For Immediate Release
February 19, 2004 Washington D.C.
FBI National Press Office
FBI, in partnership with entertainment and software industries,
announce anti-piracy warning initiative.
Los Angeles, CA- The FBI, in conjunction with leaders from the
Recording Industry Association of America (RIAA), the Motion Picture
Association of America (MPAA), the Software and Information Industry
Association (SIIA), and the Entertainment Software Association
(ESA) today announced a broad initiative to combat the theft of
copyright protected material -- a multi-billion dollar a year crime
At a press conference at the FBI's Los Angeles Field Office, FBI
Cyber Division Assistant Director Jana Monroe highlighted the FBI's
ongoing efforts and successes in addressing the growing number
of criminal complaints. Also released at the press conference was
an "Education Letter" designed to inform the public of
the risks and vulnerabilities associated with sites where users
exchange file information as well an introduction of the FBI's
new "Anti-Piracy" seal and warning text to be displayed
on future copyrighted materials.
"The theft of copyrighted material has grown substantially
and has had a detrimental impact on the U.S. economy," said
AD Monroe. "The FBI's Cyber Division recognizes the importance
of the problem and stands ready to meet the challenge. Through
working partnerships with other law enforcement entities, the Department
of Justice, and industry, we will continue to devote significant
resources in pursuit of those who steal copyright protected data."
Brad Buckles, RIAA, Executive Vice President and Director of Anti-Piracy,
said "It is our hope that when consumers see the new FBI warning
on the music they purchase, both physically and digitally, they
will take the time to learn the do's and don'ts of copying and
uploading to the Internet. As this seal attests, these are the
serious crimes with serious consequences - including federal prosecution-
to making unauthorized copies or uploading music without permission
and consumers should be aware of them. We are grateful for the
FBI's dedication to helping all copyright owners enforce their
Ken Jacobsen, MPAA, Senior Vice President and Director of World-Wide
Anti-Piracy Operations, said, "With hundreds of thousands
of jobs at stake nationwide, piracy is a serious threat to the
entire entertainment industry. Motion Picture copyright theft losses
are currently reaching $3.5 billion annually not including losses
associated with the illegal downloading of movies off of the Internet.
The MPAA has worked with the FBI to protect copyright material
since the early 1970's with its first anti-piracy warning system.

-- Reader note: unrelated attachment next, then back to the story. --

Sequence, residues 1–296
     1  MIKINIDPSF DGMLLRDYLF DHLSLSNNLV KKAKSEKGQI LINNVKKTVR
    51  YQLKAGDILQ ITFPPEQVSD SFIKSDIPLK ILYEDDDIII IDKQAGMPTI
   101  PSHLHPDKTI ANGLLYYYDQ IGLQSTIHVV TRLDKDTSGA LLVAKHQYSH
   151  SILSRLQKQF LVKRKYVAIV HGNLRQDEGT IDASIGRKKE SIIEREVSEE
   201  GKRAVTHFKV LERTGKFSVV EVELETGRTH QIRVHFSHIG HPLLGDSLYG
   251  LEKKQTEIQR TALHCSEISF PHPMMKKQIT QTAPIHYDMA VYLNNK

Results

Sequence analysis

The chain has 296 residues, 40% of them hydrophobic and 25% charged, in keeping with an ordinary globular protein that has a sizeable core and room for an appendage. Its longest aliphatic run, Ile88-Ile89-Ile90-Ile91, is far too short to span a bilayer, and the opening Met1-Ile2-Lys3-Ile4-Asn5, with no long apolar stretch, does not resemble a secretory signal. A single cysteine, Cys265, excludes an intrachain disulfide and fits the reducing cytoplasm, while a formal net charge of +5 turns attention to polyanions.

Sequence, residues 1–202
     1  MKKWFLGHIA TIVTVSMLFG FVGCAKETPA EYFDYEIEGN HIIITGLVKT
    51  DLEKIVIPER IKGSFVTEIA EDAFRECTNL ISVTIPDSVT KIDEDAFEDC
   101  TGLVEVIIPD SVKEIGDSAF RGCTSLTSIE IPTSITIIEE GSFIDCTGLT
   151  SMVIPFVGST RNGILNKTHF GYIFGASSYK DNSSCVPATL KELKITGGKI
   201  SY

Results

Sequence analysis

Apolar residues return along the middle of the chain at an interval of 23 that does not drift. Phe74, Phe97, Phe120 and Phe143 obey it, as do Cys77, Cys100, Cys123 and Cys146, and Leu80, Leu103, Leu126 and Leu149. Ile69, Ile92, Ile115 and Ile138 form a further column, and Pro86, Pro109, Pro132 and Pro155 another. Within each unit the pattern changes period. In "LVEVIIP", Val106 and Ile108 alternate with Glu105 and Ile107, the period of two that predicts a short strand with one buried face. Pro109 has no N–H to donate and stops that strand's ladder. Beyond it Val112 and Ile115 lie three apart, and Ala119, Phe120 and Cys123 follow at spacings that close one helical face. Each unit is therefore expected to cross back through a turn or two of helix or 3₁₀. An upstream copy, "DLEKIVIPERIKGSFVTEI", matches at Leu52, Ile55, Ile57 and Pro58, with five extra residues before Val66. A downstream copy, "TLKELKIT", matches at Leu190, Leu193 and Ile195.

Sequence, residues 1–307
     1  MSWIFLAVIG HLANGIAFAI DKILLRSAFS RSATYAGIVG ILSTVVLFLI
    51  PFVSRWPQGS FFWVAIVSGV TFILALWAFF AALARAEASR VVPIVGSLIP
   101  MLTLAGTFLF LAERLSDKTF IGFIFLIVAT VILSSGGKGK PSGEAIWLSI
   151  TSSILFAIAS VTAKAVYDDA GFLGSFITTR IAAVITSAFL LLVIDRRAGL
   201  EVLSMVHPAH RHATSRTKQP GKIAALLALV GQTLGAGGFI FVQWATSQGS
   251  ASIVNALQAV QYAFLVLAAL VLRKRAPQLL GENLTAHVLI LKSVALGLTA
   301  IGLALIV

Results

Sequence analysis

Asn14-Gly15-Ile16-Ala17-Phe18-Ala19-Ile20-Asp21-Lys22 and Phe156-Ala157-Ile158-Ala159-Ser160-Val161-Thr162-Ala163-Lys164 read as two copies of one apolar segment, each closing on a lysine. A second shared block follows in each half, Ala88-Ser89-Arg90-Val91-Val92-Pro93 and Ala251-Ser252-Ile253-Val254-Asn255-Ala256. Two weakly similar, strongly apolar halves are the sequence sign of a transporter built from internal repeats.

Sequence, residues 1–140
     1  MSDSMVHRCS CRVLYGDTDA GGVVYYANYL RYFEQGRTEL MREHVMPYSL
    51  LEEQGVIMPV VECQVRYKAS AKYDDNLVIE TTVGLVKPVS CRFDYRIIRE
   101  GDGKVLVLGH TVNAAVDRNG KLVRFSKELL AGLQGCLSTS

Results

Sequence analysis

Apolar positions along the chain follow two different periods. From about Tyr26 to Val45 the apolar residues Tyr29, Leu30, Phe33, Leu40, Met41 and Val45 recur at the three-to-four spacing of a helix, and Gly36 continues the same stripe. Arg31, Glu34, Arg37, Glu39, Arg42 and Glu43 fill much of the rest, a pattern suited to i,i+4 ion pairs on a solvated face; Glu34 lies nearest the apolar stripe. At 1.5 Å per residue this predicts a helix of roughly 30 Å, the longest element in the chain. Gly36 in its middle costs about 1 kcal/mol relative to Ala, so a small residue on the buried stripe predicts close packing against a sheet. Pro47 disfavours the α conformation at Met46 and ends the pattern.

We applaud the FBI for its work on this critical issue thus far
and look forward to continuing our collaboration on this important
Keith Kupferschmid, SIIA, Vice President of Anti-Piracy Division
said, "Piracy is not a victimless crime. A software program
that reflects unprecedented technology, years of effort, and millions
of development dollars can now be duplicated in minutes with the
touch of a button. We are grateful for the FBI's willingness to
take a leadership role in investigating those who engage in these
Ric Hirsch, ESA, Senior Vice President of Intellectual Property
Enforcement, said, "This new seal will serve as a clear and
important reminder to consumers that piracy of game products is
illegal and may be subject to criminal enforcement."
The FBI's Cyber Division was created in response to the rapidly
expanding and diverse nature of crimes being facilitated with computers.
While the Division is managed from FBI Headquarters in Washington,
D.C., there are currently 60 FBI-led Cyber Task Forces throughout
the country which are uniquely positioned to investigate a wide
range of violations -- often having international facets and national
economic implications. Some of these violations include fraud,
identity theft, child pornography, and copyright infringement.
Additionally the Cyber Division supports Counterintelligence and
Counterterrorism investigations by analyzing terrorist threats,
foreign intelligence operations and criminal activities precipitated
by the illegal intrusions into U.S. computer networks.
Within the Cyber Division is the Intellectual Property Rights
(IPR) Center. The IPR Center was formed in 1999 in conjunction
with the Department of Justice as part of a multi-agency plan to
effectively improve the U.S. Government's efforts in IPR enforcement.
The Center is co-chaired with the U.S. Immigration and Customs
Enforcement (ICE) in Washington, D.C. and serves as a hub for the
collection, analytical support, and dissemination of intelligence
involving IPR violations. These violations include: Theft of Trade
Secrets, Copyright Infringement, Trademark Infringement, and Signal
Theft. Additionally, the Center conducts training and has an outreach
program with industries affected by IPR crime problems.